Long Tail, Decline of Filters, Information Literacy

In Salon today, Farhad Manjoo applies Chris Anderson’s “Long Tail” theory to news: Chasing tail. While Anderson’s book is concerned only with the business implications that come from the ability to sell lots of niche products, Manjoo considers the web’s ability to connect citizens with niche newspapers, magazines and partisan blogs to be part of the same phenomenon.

Unlimited choice and easy access shake the world in unpredictable ways, causing people to splinter along the lines of niches they enjoy, and sometimes to lose touch with the world beyond. Today it’s possible to stop reading newspapers and instead get all your news from the Fox News channel — indeed, this is something many millions have done.… To put it another way, I worry about the filters. Because the long tail has everything in it, the only way to find anything useful there is by using some kind of filter.

The web allows for a democratization of information, which, in turn, creates the need for more information literacy. In other (less annoyingly pretentious) terms, the fact that it’s cheap to publish on the internet puts a great deal of biased, incomplete or simply wrong information on the same level as balanced, thorough and authoritative information. Individual citizens, students and researchers need to be more attentive to sources and details when sifting through such information and spend more time verifying and fact checking claims.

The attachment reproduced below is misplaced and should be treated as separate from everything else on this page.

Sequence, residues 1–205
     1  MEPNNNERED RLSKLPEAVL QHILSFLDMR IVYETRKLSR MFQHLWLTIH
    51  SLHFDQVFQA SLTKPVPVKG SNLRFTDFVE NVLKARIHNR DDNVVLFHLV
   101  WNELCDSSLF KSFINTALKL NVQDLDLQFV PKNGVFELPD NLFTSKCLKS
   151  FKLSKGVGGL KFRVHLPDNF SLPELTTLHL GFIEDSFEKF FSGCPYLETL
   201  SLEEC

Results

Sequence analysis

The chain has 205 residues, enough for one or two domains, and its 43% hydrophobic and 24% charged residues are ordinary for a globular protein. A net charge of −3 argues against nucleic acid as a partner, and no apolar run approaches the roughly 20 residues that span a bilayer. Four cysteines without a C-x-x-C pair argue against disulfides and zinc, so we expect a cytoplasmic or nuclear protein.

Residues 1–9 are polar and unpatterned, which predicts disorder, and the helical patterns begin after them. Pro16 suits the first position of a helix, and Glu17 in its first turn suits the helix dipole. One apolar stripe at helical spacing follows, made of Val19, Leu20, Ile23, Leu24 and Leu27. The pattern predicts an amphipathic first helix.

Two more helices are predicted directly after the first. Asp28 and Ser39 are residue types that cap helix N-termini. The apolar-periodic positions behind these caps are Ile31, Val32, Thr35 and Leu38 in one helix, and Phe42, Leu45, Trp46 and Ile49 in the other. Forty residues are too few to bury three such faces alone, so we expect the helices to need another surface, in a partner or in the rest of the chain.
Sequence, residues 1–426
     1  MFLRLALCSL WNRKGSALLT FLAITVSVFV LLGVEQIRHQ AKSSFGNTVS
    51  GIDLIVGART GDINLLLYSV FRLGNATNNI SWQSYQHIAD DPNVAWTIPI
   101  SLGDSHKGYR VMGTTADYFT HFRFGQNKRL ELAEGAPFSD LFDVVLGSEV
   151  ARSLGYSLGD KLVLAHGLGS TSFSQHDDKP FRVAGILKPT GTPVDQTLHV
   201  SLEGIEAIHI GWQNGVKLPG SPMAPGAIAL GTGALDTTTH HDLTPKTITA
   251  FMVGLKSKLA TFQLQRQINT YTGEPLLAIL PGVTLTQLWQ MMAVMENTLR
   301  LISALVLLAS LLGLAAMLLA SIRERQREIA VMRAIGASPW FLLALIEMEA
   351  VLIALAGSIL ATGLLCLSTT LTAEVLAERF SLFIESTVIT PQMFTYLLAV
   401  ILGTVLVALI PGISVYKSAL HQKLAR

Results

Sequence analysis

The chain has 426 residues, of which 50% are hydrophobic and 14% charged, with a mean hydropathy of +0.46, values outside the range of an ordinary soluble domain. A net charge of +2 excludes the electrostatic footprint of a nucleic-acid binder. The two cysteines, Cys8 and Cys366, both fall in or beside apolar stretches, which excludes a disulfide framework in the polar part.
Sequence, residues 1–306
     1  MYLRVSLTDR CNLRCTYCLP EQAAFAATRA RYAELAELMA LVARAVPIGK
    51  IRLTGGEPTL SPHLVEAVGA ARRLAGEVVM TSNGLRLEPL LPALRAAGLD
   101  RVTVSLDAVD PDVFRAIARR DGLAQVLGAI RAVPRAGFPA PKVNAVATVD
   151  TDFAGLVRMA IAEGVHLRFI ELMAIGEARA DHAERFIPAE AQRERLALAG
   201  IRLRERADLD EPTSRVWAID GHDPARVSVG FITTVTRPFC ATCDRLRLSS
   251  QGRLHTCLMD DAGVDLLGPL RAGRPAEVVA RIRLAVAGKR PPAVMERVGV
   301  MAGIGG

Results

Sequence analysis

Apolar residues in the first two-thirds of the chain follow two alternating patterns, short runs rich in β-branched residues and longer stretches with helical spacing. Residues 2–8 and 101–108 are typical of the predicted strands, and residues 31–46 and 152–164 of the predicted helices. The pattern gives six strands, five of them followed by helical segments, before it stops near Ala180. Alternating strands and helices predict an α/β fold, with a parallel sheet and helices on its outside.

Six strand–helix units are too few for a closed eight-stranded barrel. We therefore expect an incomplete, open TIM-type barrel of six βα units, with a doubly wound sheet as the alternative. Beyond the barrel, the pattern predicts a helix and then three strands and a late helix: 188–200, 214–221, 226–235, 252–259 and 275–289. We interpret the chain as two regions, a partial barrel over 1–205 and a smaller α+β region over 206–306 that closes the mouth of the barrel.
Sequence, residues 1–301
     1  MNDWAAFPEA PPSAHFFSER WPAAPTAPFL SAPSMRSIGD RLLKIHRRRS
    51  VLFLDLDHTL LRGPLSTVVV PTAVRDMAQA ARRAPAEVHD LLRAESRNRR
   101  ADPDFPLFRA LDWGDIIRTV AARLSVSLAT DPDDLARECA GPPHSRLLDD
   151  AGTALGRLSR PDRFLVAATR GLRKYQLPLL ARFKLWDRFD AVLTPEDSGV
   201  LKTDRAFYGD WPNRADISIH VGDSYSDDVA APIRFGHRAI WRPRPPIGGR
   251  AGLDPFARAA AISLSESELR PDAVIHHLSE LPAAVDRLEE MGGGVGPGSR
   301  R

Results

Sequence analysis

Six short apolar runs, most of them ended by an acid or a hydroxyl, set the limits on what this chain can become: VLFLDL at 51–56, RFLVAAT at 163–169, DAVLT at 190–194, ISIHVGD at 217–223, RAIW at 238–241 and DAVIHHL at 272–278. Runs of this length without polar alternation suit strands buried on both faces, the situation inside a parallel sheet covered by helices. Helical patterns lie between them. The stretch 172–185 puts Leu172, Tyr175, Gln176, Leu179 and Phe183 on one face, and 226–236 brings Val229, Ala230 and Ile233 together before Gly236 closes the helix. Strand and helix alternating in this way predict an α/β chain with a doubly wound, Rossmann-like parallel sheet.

Where in pre-internet environment, a number of filters sat between crackpot theories and a researcher. Those filters (reporters, publishers, librarians) still help to judge accuracy and reliability, but the unfiltered internet makes it easy to find the unfiltered and unreliable and individuals now need to have the skills to determine what is credible and what is not.
On the other hand, sometimes more filters can distort the truth. Salon.com editor Scott Rosenberg discusses the difference between blogs and comments at his personal blog, Wordyard: Lanny Davis, bile, and the distinction between “blog” and “comments”: “The simple distinction between the proprietor of a site — the ‘blogger’ — and the poster of comments is being forgotten or deliberately ignored here to score a political point.… In open online environments, it simply makes no sense to hold the publisher/blogger/site owner responsible for every opinion, attitude and flame that visitors post. If that’s where we’re headed, we might as well just shut down the Net and go home.”
47 USC §230 provides a “safe harbor” for the hosts of online forums (such as blog comment pages), so that the publishers are not considered the publisher or speaker of comments posted by unrelated third parties. Of course, although the law exempts site owners from liability, it does not prevent unwitting or unscrupulous commentators from attributing to a site owner the words of an unrelated comment poster.
Previously: Information Literacy